You have a regular group of friends with whom you play your Thursday round of golf. It’s been great fun, but the competition is starting to become a bit stale — the same guys winning every week. Why not throw in a new angle by playing a game to spice things up. There are all kinds of golf games to make your round more interesting.
It doesn’t matter if your group is made up of two, three or four or whether you like to gamble or not. There are plenty of games to add to the competition on the course and fire everyone up for the post-round chatter at the 19th hole.
Here are some of our favorite golf games.
Most everyone likely knows about Skins. You determine how much a hole is worth and the lowest score (net or gross) on a hole takes the money. If there is a tie, it carries. There’s not much to it, and it is easy to calculate. If you can catch a little lightning in a bottle, you can win a skin and not go home completely empty-handed.
If you want to mix it up a little more, try Wolf as a great foursome game. The game keeps everyone involved and it is designed for players of all skill levels to contribute. Each hole starts with a designated “wolf” (which rotates each hole). The wolf tees off last and watches the other three tee balls, ultimately choosing one player to be his partner to pit twosome against twosome in a game for points. But after each individual’s tee shot, the wolf decides whether they want to team up with that golfer or see the next tee shot. Once they moved on to the next shot, they can’t go back to a previous tee ball. Or, the wolf can eschew all the players and compete as a “lone wolf” against all three players for the hole.
The golfer with the lowest score on the hole wins the point for their team and the losing team gets a point taken away. (Points are, generally, a dollar amount to be determined before the round.) If the lone wolf wins, he gets a point from each of the other three golfers (or gives up three points in a loss). In the end, most points take the match. It’s a great game for listening to the decision-making (or needling) taking place on each tee.
Nassau is an important game to know since it is uncomplicated and very popular. It’s a betting game in which the players split into two teams, set a dollar amount per nine, and have a match for the front, back, and total. It is a very versatile game in that it can be used in nearly any format including stroke play, scramble, best ball, or match play. And the action can get crazy when the presses (when a match is closed out and the loser presses for double or nothing) and re-rolls start happening.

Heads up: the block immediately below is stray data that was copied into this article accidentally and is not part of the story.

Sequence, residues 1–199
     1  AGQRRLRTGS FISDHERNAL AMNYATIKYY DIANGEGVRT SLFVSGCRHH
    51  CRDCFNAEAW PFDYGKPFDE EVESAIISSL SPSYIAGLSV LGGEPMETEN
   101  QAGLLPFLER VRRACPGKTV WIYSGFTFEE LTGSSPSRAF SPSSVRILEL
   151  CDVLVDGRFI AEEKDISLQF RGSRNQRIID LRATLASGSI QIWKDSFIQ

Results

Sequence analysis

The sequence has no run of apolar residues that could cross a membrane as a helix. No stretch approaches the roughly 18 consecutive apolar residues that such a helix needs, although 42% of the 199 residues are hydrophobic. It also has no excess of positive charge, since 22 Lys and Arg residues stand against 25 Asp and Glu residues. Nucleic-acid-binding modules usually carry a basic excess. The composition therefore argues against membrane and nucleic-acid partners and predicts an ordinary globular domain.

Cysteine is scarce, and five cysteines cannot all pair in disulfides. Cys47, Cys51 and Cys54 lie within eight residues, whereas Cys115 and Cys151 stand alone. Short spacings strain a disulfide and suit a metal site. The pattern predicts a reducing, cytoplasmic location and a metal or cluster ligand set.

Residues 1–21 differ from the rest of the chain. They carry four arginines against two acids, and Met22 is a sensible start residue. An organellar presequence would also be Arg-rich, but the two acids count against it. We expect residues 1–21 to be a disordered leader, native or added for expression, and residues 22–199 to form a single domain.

Bingo, Bango, Bongo
Any two golfers or more can play Bingo, Bango, Bongo, a straight-forward game of awarding points (on each hole) to players for achieving certain goals, which are called, you guessed it: Bingo, Bango and Bongo.
A “bingo” is awarded to the first golfer to get their ball on the green. A “bango” goes to the golfer to get closest to the pin once balls are on the green. And the first golfer to hole out on a hole gets a “bongo.” Of course, strict adherence to the custom of “furthest player from the hole plays first” is crucial to determining proper points. You add up the points (which can be given a financial value) at the end of the round and determine the winners.
Fourball or Foursomes
And finally, in honor of the Ryder Cup, that was recently contested (and lost by the Americans) in France, trying some games of Fourball and Foursomes might liven things up. In Fourball, two-player teams compete against each other with the lowest score recorded on each team counting for the hole. And to change things up, on the back nine, you can play Foursomes, which entails the two players on a team hitting alternate shots on each hole — lowest score wins the hole. Foursomes always make for some interesting situations and teamwork (just ask Tiger and Phil). And at the end of the round, you can drink your favorite beverage from “a cup” at the 19th hole.
So, whether you play a normal round or add some fun to it, you’re sure to have fun at the course with your buddies.